The rise of the EdTech revolution – an interview with Olli Vallo
2017 will be remembered as the year of the ‘EdTech rebound’. After a sluggish 2016 in terms of investments, the global EdTech market has fought back with more than 500 deals expected by the end of the year. One region which is performing exceptionally well is the Nordics. The region is flourishing with many promising EdTech startups making their way up the ladder.
So, who better to get a further insight into the Nordic EdTech scene (in particular Finland) than Olli Vallo from Kokoa Agency. We recently caught up with him at Setapp’s inaugural Significant Hackathon, where he was invited to speak and mentor.
How did you start your journey with EdTech?
When I was a primary school teacher, I felt that there wasn’t enough content in the teacher’s manual and student exercise books to cover an entire lesson. This prompted me to come up with the idea of ‘active assignments‘ which would keep the kids more active and motivated during lessons.
However, planning these assignments required a lot of time and effort from my side. I was spending over two hours on just lesson planning, while the class lasted only forty-five minutes. As I wasn’t ready to use my personal time to plan the lessons, I just went with the flow during the classes!
The ‘going with the flow’ approach didn’t really create anything special. The kids were getting frustrated and anxious, and started bullying each other. This made me very nervous as it was a challenge to keep the kids together and motivated to learn.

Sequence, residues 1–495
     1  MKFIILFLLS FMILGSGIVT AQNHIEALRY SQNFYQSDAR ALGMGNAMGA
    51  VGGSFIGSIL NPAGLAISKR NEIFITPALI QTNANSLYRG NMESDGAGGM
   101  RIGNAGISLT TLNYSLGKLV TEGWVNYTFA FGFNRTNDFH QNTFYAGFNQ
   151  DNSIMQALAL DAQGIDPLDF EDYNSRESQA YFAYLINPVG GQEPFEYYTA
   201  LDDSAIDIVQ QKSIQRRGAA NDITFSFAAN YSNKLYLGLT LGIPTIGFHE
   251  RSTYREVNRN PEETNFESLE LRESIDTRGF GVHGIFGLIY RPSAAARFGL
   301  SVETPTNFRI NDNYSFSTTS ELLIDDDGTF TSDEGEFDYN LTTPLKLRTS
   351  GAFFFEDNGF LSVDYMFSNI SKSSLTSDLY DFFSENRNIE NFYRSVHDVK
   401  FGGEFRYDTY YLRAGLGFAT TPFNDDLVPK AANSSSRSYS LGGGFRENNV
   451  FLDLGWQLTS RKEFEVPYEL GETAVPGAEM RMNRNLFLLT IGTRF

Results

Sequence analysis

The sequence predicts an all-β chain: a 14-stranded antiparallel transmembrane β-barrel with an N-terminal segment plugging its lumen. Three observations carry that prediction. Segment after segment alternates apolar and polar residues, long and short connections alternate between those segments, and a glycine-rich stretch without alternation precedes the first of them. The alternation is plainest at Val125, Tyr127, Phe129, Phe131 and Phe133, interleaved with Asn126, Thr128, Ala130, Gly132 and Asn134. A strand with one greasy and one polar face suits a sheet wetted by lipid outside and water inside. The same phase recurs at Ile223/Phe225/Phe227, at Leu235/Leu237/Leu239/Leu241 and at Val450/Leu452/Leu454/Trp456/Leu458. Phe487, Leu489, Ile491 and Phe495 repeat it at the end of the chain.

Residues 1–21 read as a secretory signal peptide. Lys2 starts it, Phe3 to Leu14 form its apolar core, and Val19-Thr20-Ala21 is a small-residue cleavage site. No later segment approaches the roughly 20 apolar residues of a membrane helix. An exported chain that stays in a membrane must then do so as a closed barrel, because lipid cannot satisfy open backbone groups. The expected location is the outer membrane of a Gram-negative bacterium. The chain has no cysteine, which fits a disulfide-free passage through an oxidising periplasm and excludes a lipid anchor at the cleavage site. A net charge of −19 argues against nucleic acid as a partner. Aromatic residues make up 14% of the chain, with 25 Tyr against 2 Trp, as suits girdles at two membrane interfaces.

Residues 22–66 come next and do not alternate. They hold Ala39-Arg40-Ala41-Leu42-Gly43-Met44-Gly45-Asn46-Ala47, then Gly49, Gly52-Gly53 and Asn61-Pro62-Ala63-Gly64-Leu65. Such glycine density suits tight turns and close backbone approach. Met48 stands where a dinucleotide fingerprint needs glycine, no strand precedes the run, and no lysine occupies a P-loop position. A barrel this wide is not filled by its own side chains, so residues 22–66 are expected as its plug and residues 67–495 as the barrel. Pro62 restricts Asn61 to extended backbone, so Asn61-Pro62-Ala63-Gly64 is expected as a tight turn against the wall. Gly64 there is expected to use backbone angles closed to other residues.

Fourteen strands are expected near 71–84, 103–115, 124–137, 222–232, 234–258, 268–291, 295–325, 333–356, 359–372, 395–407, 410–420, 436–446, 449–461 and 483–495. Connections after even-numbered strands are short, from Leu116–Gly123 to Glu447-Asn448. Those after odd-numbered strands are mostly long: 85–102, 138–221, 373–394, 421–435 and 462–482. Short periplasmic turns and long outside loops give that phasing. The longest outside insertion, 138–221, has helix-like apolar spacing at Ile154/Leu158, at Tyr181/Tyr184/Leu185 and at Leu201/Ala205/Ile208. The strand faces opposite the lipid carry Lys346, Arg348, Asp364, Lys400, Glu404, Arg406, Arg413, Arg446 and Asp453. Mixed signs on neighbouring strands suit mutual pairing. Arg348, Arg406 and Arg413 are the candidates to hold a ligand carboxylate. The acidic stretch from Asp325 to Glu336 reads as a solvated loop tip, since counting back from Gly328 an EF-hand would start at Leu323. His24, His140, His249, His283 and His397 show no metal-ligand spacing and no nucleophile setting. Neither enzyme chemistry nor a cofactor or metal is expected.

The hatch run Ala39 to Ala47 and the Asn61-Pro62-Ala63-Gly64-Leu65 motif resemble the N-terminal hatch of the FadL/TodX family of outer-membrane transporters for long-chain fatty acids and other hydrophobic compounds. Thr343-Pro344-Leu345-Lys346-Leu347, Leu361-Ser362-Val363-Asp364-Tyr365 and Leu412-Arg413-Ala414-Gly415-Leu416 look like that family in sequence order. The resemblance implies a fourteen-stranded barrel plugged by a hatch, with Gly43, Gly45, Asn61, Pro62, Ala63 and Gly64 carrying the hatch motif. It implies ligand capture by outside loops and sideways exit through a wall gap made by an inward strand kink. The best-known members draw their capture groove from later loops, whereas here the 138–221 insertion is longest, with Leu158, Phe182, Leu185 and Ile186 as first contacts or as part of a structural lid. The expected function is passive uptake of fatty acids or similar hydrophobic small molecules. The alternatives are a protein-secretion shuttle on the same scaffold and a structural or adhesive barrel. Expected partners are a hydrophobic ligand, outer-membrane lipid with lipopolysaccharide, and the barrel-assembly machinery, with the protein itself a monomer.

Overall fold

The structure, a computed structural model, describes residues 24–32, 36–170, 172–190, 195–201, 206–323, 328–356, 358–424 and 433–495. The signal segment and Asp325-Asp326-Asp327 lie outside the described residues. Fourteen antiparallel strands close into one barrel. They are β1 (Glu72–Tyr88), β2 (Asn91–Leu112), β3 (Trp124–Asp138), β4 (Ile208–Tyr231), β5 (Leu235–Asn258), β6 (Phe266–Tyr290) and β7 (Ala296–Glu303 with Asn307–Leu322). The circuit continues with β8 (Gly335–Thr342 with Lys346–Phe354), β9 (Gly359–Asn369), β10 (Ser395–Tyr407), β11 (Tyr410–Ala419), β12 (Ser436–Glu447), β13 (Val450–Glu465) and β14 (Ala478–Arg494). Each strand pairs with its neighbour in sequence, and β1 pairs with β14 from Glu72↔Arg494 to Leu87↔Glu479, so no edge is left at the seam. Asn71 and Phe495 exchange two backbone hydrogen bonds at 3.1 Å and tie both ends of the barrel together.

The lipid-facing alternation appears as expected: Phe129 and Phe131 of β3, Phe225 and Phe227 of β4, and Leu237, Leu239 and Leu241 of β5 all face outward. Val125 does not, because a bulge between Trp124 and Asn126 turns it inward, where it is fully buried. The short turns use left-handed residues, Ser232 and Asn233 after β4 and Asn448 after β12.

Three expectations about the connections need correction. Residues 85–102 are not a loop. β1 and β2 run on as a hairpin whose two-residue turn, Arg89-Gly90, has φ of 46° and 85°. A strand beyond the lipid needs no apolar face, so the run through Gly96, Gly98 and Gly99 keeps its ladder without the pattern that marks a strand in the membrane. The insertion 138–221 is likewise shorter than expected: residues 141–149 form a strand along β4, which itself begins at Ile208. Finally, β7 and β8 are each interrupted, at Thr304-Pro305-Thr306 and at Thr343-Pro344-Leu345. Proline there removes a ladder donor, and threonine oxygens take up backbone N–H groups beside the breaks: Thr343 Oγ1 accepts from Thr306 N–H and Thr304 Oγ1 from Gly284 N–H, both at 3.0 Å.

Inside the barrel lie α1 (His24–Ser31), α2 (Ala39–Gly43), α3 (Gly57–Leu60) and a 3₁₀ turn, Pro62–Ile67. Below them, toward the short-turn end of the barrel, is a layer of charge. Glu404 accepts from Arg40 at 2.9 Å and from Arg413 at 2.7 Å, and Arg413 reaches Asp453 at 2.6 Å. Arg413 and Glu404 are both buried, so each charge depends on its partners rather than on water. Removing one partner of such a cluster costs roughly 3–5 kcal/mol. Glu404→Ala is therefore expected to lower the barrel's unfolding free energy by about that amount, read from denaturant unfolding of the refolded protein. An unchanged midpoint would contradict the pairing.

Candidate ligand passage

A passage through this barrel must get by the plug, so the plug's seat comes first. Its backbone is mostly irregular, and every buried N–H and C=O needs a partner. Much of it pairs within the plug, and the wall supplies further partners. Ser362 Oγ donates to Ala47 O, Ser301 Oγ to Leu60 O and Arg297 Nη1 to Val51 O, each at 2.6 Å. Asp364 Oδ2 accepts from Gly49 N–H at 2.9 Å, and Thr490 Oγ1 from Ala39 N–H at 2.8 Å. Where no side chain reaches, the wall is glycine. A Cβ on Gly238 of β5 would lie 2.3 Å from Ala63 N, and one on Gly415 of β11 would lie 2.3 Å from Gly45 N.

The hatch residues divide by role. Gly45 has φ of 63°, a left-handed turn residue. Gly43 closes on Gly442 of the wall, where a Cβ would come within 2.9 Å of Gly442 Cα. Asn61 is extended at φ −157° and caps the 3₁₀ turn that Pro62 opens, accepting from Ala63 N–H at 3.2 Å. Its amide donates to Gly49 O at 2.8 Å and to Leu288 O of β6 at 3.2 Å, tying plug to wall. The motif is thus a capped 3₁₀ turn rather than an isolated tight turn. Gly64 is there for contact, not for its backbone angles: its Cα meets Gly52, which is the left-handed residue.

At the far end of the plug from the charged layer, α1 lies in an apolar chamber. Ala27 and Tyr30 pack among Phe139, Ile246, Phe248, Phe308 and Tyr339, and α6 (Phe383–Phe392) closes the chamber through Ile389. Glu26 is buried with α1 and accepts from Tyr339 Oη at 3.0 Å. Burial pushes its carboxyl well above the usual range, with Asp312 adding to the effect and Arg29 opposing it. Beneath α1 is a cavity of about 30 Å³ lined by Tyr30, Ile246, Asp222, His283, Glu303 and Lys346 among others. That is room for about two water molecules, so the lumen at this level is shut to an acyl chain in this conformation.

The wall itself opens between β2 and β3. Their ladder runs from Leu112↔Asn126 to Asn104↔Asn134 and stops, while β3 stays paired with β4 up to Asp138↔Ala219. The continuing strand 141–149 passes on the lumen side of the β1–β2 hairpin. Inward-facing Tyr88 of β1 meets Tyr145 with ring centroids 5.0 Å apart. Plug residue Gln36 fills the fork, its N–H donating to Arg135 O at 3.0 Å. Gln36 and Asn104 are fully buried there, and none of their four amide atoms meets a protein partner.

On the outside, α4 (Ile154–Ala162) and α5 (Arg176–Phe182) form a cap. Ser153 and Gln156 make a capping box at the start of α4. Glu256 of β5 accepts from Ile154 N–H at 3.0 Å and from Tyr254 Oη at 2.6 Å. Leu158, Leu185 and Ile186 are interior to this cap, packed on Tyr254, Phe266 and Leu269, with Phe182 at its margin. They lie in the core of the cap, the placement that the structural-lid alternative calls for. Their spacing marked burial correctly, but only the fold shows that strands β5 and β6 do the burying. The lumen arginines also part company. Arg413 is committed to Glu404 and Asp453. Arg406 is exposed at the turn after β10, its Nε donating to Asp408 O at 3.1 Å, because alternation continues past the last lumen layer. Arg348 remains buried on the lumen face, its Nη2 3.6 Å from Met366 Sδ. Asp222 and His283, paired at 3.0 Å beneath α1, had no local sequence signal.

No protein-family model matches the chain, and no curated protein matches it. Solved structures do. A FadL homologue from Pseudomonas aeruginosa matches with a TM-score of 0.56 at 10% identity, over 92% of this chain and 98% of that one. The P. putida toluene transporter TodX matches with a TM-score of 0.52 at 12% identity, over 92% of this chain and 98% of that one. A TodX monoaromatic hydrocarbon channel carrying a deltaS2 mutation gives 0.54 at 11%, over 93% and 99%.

Then I thought maybe technology could help me. I could use it to give meaningful and activating tasks to the students, as well as track their progress and have them create things using technology.
Since I was a musician, I had the idea for a music app which students can use during their lessons to compose music. I pitched it to some government organisations with my friend and found out that a similar solution already existed. I contacted the company and started to do my PhD research on composing music with computers by using their app to collect data from students.
After publishing my first research article, the company offered me a job and that’s how I ended up working in the field of EdTech.
How has EdTech changed education in Finland in the last 5 years?
EdTech hasn’t really changed education or the school system in Finland. In fact, we are still waiting for the ‘big education revolution’. Apps like Shapes is changing the way students understand geometry. It has the potential to take mathematics learning to the next level.